Why Do Dogs Smell Hair

Common
Normal

Introduction

When you’ve taken your dog on a walk, you know he will stop and smell almost everything he can. The pole, the tree, the grass, your shoes, a car tire, and any human or canine your run across. When you and Fluffy come across a new human, you’ll watch him sniff the stranger’s shoes, his pant leg, maybe even jump up. But when he meets another dog, he’ll probably go straight for the butt. You’ve figured like most dogs your dog is enjoying the smells the great outdoors brings.

Indoors can be a different experience. One day, you’re sitting on the couch, and Fluffy climbs up next to you and starts sniffing your hair. You use your peripheral vision at first to see what is going on, and then you turn your head and you get a wet nose in your face. As you move your head, your dog is eager to follow the scent of your hair. He’s smelled you before, so why all of a sudden is your hair his new obsession?

The Root of the Behavior

A dog’s nose one of the main senses he uses to distinguish people, places, and other animals. His nose is one of the strongest senses and in the animal kingdom, dogs can learn a lot of information from not only other animal’s scents but yours as well. A canine’s nose comes equipped with over 300 million olfactory receptors and they have a whole separate system for breathing. To put it in perspective, humans have 6 million. When dogs smell something like pee on a tree, they are learning gender, breed, age, illness, and size of a dog. They can also smell critters in walls, a drop of blood in a gallon of water, and they can sniff out danger (okay, maybe not danger per say, but they are used to help police).

To your dog, you are a smorgasbord of smells. From your stinky toes to your sweaty pits to your long flowing hair, you smell. Your dog can identify the difference between people just by their scents and you’ve no doubt left your scent on your clothes, blankets, and that spot on the couch. Even after you shower, when your dog sniffs you, you still smell like you. The human head is full of sweat glands and some humans sweat more than others. Your dog might pick up on this and want just to check you out and gather as much info as possible from the top of your head. If you just shampooed your hair, it might seem like you’re trying to mask your scent, but your dog is not fooled. He knows it's you, but he is going to sniff you to make sure and see if you’re communicating anything new. He might also like the scent of your shampoo and wants to smell it as much as he can.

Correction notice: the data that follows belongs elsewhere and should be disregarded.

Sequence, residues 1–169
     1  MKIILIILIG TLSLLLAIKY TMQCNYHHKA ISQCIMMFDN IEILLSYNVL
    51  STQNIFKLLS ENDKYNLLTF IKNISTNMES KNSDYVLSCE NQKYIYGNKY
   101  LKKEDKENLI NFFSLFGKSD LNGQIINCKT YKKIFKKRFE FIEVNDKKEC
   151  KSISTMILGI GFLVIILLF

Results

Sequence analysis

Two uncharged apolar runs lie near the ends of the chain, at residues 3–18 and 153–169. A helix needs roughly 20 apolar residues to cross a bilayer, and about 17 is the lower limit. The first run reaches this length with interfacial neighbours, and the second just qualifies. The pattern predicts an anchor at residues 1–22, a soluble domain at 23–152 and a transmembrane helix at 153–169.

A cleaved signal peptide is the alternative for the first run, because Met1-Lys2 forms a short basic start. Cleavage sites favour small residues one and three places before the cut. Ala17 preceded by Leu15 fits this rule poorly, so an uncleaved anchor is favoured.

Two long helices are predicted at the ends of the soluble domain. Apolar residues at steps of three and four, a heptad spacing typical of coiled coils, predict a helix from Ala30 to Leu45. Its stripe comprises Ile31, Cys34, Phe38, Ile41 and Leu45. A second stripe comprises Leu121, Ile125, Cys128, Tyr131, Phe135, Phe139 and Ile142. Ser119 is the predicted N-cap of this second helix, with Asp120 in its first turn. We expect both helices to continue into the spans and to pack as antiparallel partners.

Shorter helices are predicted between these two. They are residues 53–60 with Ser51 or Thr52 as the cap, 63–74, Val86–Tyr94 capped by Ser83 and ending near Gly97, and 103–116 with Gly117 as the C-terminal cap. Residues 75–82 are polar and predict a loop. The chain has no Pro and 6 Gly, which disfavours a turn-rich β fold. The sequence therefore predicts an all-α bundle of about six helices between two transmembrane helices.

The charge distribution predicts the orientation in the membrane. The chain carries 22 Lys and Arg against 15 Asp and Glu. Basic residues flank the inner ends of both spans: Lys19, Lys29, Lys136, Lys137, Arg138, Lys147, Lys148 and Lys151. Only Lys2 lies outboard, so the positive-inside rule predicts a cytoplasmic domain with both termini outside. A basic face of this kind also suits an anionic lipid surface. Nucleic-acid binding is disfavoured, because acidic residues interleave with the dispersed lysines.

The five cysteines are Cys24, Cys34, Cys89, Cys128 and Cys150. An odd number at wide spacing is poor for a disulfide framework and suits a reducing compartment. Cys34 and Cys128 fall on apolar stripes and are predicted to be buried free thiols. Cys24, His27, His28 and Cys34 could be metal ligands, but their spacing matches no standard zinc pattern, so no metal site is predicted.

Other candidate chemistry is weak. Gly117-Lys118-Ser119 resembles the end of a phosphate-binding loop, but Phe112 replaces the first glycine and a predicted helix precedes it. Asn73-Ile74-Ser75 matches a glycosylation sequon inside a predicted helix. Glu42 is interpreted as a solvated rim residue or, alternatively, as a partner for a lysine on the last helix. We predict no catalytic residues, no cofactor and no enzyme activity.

Encouraging the Behavior

How your dog interacts with you is really up to you. Untrained dogs will sniff everything about a person, including crotches, so comparatively, hair smelling does not seem as offensive a sniff to humans. Your dog is learning about you, remembering your scent, and he possibly likes your new lavender shampoo. This could be bothersome if your dog constantly sniffs your head or a guest’s head. The in-your-face approach of your dog might seem cute for a brief moment, but if it continues, it can get old very fast. You might have a guest who is afraid of dogs, and while you know your dog is harmless, your guest could be terrified with a dog that close. As a responsible owner, you want to consider how your dog interacts with others.

Some dogs who sniff hair might take to chewing on it. This could be your dog trying to groom you, which usually is a sign of affection. He could also be reenacting a nursing experience. Dogs who suck on objects like toys or blankets were often weaned from their mothers too early and have developed these uncommon habits. Whether or not you just shampooed your hair, having dog slobber on it is not usually desired. 

Other Solutions and Considerations

It’s important to set boundaries with your dog. If you don’t want your dog sniffing your hair or your guests’ hair, then you need to train him not to. It’s important that your dog knows how to listen to the command “no,” especially when he’s with other people. There are plenty of other things your dog can smell on you, so sniffing your hair is not necessary. Also, if you notice your dog chewing on your hair, take him to a trainer. The dog slobber on your locks isn’t good for styling, but it also indicates that he might need some special attention or training. A trainer will help you stop your dog from sniffing your Rapunzel hair and teach him to sniff more appropriate things.

Conclusion

Sniffing is fun for your dog. If you decide you do not want him to sniff your hair, make sure you give him enough time to sniff things when he is outside on walks. He will still get to use that strong sense of smell and learn new things, but he won’t be using your hair to do so.